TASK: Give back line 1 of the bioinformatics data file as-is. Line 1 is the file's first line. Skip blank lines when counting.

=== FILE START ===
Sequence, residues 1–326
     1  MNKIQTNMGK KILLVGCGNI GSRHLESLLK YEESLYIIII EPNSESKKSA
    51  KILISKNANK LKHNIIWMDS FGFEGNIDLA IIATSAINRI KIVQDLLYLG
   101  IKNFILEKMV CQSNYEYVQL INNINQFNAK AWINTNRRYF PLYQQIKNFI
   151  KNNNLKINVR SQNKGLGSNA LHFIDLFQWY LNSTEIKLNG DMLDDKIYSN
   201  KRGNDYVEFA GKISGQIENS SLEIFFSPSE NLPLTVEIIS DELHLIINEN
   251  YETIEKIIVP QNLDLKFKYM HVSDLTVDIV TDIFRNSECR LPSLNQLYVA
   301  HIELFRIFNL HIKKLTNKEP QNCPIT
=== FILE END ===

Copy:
Sequence, residues 1–326